A security breach exposing the data of over 1,200 patients has recently been disclosed by the University of Miami. The Miller School of Medicine patient data was stolen back in November 2011, together with a flash drive, when someone broke into a pathologist’s car and took the briefcase where the portable device was stored.
The flash drive contained details such as age, sex, diagnosis and treatment information for patients treated from 2005 to 2011, the University of Miami disclosed in a press release. No financial information or Social Security numbers had been stored on the drive, according to the same press release. Read more
A data breach affecting 1.8 million customers of two New York utilities companies has recently been made public by the New York State Public Service Commission. The investigation into this data breach was initiated after an employee from a third party IT company contracted by New York State Electric & Gas (NYSEG) and Rochester Gas and Electric (RG&E) was given unauthorized access to the company’s databases.
It is not clear if accessing the customer databases had any malicious intent, both affected companies claiming there was no proof of any data having been misused as a consequence of the breach. But, to stay on the safe side, they have decided to send out notifications regarding the data access, as it exposed Social Security Numbers, dates of birth and financial account information, as shown in the official press release sent out by the NY Commission. Read more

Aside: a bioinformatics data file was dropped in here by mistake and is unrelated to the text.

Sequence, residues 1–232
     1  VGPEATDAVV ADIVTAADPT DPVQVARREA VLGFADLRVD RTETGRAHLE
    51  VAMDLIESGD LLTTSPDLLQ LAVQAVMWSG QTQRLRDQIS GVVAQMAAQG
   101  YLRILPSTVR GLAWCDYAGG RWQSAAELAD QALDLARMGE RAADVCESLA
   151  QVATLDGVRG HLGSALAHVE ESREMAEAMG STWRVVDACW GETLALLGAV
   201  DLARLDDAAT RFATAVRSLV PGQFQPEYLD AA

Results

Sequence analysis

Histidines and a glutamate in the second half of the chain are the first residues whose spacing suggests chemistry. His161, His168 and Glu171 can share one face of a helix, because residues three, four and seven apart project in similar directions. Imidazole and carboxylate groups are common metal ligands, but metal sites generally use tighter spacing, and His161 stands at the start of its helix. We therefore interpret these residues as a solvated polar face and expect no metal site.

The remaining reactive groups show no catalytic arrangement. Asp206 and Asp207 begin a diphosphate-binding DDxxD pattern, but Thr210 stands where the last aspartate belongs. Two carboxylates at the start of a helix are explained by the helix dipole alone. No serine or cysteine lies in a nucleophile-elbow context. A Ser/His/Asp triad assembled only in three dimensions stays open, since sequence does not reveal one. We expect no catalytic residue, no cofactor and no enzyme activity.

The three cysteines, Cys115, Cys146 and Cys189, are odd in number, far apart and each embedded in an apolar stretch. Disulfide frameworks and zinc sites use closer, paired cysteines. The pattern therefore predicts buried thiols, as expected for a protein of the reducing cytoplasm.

When you are the lead artist of a security mishaps that ended up in a data breach affecting some 24 million people, consequences are bound to catch up with you. And they just have caught up with shoe retailer Zappos.com and the bigger online fish behind them, Amazon.com. The two companies are being sued by the customers affected by the data breach, being accused of negligence.